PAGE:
The “who” and “what” when blended in my life is stated as my “why”: I want to help stressed-out entrepreneurs who are frustrated with not knowing their numbers and not making a profit by cleaning up their books, interpreting their numbers for them, and implementing a system to increase and prioritize their profits. I want to enable them to be less stressed, confident in their numbers, and make the profit they need to accomplish their vision and provide for their family to have the best life possible.
This is what gets me up in the morning and keeps me up at night. This is what keeps me going when situations and circumstances get difficult. This is what helps me keep growing when I want to relax. This is what helps me learn a new system to protect and grow my profit.
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Your “why” changes over time
I would also like to present my thoughts on your “why.” I believe your “why” changes throughout a lifetime.
You might be saying, “What do you mean it changes? Once I discover my ‘why,’ isn’t it always my ‘why’?”
In different seasons of life and business, a person’s “why” will evolve, develop, and mature. For example, when it comes to having children, your life will be different after you have them than it was before, giving you a new “why.”
The sooner you understand the power of “why” and its importance, the sooner you will have the key to true, lasting success for yourself and your business.
If you are stressed, anxious, or afraid, are you prone to take action in business or your personal life? Of course not.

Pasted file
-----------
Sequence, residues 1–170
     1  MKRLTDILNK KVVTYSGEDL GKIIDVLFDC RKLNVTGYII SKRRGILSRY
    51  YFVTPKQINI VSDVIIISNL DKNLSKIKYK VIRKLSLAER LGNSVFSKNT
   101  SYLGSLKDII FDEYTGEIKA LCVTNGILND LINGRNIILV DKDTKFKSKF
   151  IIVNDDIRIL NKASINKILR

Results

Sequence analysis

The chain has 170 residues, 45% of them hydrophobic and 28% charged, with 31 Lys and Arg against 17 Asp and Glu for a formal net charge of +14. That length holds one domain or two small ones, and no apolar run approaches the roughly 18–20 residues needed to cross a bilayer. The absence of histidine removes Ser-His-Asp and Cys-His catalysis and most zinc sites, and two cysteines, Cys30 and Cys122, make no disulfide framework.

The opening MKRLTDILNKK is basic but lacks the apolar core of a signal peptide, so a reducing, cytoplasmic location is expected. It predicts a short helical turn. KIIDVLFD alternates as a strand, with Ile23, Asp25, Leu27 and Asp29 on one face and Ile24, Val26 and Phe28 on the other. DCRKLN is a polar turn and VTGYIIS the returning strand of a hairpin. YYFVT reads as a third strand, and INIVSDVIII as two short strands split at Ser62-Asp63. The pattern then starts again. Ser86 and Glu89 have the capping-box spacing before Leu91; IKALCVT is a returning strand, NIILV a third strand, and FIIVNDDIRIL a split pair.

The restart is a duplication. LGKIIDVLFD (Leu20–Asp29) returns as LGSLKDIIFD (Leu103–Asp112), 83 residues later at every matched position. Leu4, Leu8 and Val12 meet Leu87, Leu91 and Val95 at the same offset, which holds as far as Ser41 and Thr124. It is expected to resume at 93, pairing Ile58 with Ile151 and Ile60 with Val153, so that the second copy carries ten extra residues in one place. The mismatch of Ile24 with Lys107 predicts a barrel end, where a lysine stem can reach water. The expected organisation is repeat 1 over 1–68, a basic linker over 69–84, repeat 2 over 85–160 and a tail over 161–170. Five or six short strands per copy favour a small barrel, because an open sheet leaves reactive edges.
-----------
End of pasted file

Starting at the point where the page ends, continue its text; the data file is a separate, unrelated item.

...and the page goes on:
What I am trying to get across here is best said by the legendary character Forrest Gump: “Lieutenant Dan got me invested in some kind of fruit company. So then I got a call from him, saying we don’t have to worry about money no more. And I said, that’s good! One less thing.”
I don’t want one of your big worries and fears in life to be about the business you have worked hard to build and create not being profitable and not staying open. I want to help this be “one less thing” you have to worry about.
If you genuinely want to reach your “why” and stay on the journey, you will need to remove as many barriers and obstacles to that path as you can, and one of the big obstacles is not being a profitable business. Profit truly does unlock your “why.”
Making a profit gives you the key to focus on what you really want to focus on. If you’re always worried and stressed about cash flow and profitability, then I think it’s a safe bet to say you’re not thinking about your “why” during those times, except for being discouraged that you’re not doing a good job of reaching for your “why.”
The power of profit and knowing numbers helps you laser in on the things in your life that truly matter. If you don’t have to worry that you will fail, you can focus on your family, the parts of your business that need attention, and growing yourself—not worrying if you will still be in business the following Monday.
Another way to view the power of “why” is to look at your company’s vision and mission statements. The vision is why the company was created, the founder’s intent. The mission is how the company and its employees will achieve that future.
Instead of focusing on making a profit, remember why you are in business and try your best to stick to it. You have to trust in yourself, your passion, and your beliefs to help steer you in the right direction. And so, here it is again…
“Why do you do what you do?”